The analysis conducted to answer research question 2 allowed discussion of how the students socially negotiated specific practices (and associated space–time frames) for self-organization that contributed to satisfy their need for stability. In our interpretation, these practices provided a stable anchor for the self-organization of the group and allowed discussion of how physical and virtual space–times were flexibly used for self-organization. The space–time configurations in which these practices took place were intertwined with on-task space–times, and they can be considered to be complementary to the joint problem space (JPS) theorized by Teasley and Rochelle [47,48]. The JPS is a concept that enables examination of how learners collaboratively make sense of a problem-solving task, and of the content knowledge and procedures needed for finding a solution, thus developing a shared understanding of the problem assigned by the teacher. On the contrary, the joint organizational space–times (JOSTs) detected in the present investigation are related to the students’ management of complex learning environments in situations in which they face problems related to the organization of the collaborative activity. In particular, the group introduced daily “catch-up meetings” and used a shared online folder for the “monitoring” [49] of the task and the “coordination” of individual efforts, especially when working from different places. The development of these practices of self-organization is not immediate. Indeed, the data show that this was a demanding process for the group, confirming previous research suggesting that time management may constitute a significant challenge for students in blended learning contexts [50]. In addition to time management, based on the analysis of this case, we also argue that the management of unstructured and technologically rich environments may be seen both as a resource and as a challenge for the students. The students can perceive the multiple physical environments and virtual spaces as resources that can be flexibly and autonomously integrated in creative configurations of online and offline participation. This is in line with previous research showing that adult learners tend to value course designs when they contain multiple options, self-direction, and variety [51]. Conversely, such rich and unstructured learning environments can require sustained efforts across extended periods, because the students need to iteratively reorganize their learning environment based on the evolving needs of the group.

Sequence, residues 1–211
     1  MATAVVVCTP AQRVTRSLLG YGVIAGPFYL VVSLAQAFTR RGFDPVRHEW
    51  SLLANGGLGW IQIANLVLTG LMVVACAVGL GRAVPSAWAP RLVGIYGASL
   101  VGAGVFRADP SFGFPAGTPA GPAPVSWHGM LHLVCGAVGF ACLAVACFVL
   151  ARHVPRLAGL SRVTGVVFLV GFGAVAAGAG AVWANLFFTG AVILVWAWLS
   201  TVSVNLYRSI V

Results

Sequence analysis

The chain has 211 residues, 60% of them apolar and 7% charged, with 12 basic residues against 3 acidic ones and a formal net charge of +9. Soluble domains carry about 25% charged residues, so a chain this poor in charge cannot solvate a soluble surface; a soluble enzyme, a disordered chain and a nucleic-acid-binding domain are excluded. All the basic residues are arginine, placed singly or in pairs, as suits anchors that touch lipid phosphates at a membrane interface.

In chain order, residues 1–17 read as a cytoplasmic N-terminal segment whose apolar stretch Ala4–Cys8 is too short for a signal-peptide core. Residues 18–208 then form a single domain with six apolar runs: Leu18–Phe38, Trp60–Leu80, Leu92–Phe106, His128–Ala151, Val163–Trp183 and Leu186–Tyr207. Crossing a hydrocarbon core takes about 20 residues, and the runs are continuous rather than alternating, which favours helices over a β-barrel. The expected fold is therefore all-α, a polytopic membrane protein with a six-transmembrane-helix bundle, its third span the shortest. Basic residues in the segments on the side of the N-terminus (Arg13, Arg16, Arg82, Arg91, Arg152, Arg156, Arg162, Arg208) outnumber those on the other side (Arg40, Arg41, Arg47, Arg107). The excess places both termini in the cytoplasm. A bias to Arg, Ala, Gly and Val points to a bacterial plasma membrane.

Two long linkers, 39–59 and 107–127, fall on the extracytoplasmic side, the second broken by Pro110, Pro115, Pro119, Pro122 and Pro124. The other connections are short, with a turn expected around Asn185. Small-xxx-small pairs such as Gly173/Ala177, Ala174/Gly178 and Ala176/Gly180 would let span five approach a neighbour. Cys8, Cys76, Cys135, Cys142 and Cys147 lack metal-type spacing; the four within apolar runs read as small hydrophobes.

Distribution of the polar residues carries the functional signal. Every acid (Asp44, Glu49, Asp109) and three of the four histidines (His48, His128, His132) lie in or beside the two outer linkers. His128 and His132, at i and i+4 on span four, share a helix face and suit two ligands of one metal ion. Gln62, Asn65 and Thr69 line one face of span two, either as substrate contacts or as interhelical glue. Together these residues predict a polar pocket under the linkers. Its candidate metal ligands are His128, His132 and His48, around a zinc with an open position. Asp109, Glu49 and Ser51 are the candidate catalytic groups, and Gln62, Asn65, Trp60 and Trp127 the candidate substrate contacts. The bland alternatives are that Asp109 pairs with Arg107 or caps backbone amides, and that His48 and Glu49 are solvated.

Overall, these findings can be interpreted by adapting and extending the scope of the concept of interaction space that has been used in the context of intelligent learning environments by Dillenbourg and colleagues [52]. Although the present study takes place in a radically different context, the interaction space has been conceptualized in terms of a sequence of subspaces called microworlds, thus accounting for the temporal development of learning activities which is crucial for the present investigation. According to this theoretical perspective, different phases of a learning course can be described in terms of the sequence of interaction spaces relevant at different times during the learning activity, which involved both spaces for representation (e.g., the concept maps) and spaces for (inter)action (e.g., the design and programming of the website). Nevertheless, although previous research on the modelling of interaction spaces has been aimed at improving the design of learning environments by teachers and instructional designers, the present investigation shifts the focus onto the active role that learners can play in selecting and arranging the sequence of space–times that characterizes the collaboration in blended learning contexts. Accordingly, the investigation has allowed the detection and analysis of the space–time frames that the students arranged specifically for the self-organization of the activity. Thus, according to the chronotopic approach proposed here, the analytic focus is on how the space–time of interaction is socially arranged by the participants during the activity, rather than on how it is structured in advance by the teacher. It is not expected that all the groups of students engaging in Knowledge Creation will enact the same sequence of space–time relations observed in this group. Rather, it is hypothesized that the students may develop a set of self-organization skills, related to the iterative development of collaborative practices of self-organization, which are currently under investigated. These skills are not only relevant for the successful implementation of the knowledge creation activities discussed in this investigation. Contrarily, there is a growing awareness that the development of this type of self-organization skill is to be considered as an expected educational outcome of high societal significance. A recent review study commissioned by the European Commission on Key Competences for European Citizenship showed that skills connected to self-organization “in various forms are included in several frameworks, either as a separate skill or as part of social and civic competences” ([53], p. 18). Scientific knowledge about how students self-organize Knowledge Creation activities may be used by teachers to support the students in this aspect of the learning process. Future research in this field may uncover further details about how the students can learn to collaboratively generate effective practices of self-organization, and discuss strategies to promote the learning of such skills, which may be based on the analysis of cultural models such as the ones discussed below.